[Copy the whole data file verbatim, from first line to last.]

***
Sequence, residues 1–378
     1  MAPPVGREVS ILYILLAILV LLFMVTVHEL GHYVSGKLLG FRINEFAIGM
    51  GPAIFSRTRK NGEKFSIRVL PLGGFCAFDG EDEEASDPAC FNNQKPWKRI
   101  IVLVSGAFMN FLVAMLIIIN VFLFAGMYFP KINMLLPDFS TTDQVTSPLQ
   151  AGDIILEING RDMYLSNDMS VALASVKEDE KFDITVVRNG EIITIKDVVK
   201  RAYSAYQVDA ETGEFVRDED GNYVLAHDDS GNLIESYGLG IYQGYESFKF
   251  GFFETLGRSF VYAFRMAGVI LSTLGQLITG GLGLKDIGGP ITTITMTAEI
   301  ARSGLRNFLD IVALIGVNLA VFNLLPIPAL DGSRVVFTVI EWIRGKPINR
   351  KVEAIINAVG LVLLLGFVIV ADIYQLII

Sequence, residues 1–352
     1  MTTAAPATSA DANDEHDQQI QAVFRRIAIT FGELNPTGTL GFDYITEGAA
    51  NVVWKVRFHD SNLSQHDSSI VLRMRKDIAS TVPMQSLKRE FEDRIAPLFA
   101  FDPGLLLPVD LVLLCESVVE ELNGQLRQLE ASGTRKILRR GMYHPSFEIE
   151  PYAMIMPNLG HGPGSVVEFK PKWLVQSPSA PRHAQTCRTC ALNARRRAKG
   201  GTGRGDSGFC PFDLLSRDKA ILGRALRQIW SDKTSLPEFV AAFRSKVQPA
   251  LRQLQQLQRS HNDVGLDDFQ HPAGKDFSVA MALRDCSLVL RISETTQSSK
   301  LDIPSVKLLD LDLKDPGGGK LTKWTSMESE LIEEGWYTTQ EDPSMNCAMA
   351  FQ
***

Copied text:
Sequence, residues 1–378
     1  MAPPVGREVS ILYILLAILV LLFMVTVHEL GHYVSGKLLG FRINEFAIGM
    51  GPAIFSRTRK NGEKFSIRVL PLGGFCAFDG EDEEASDPAC FNNQKPWKRI
   101  IVLVSGAFMN FLVAMLIIIN VFLFAGMYFP KINMLLPDFS TTDQVTSPLQ
   151  AGDIILEING RDMYLSNDMS VALASVKEDE KFDITVVRNG EIITIKDVVK
   201  RAYSAYQVDA ETGEFVRDED GNYVLAHDDS GNLIESYGLG IYQGYESFKF
   251  GFFETLGRSF VYAFRMAGVI LSTLGQLITG GLGLKDIGGP ITTITMTAEI
   301  ARSGLRNFLD IVALIGVNLA VFNLLPIPAL DGSRVVFTVI EWIRGKPINR
   351  KVEAIINAVG LVLLLGFVIV ADIYQLII

Sequence, residues 1–352
     1  MTTAAPATSA DANDEHDQQI QAVFRRIAIT FGELNPTGTL GFDYITEGAA
    51  NVVWKVRFHD SNLSQHDSSI VLRMRKDIAS TVPMQSLKRE FEDRIAPLFA
   101  FDPGLLLPVD LVLLCESVVE ELNGQLRQLE ASGTRKILRR GMYHPSFEIE
   151  PYAMIMPNLG HGPGSVVEFK PKWLVQSPSA PRHAQTCRTC ALNARRRAKG
   201  GTGRGDSGFC PFDLLSRDKA ILGRALRQIW SDKTSLPEFV AAFRSKVQPA
   251  LRQLQQLQRS HNDVGLDDFQ HPAGKDFSVA MALRDCSLVL RISETTQSSK
   301  LDIPSVKLLD LDLKDPGGGK LTKWTSMESE LIEEGWYTTQ EDPSMNCAMA
   351  FQ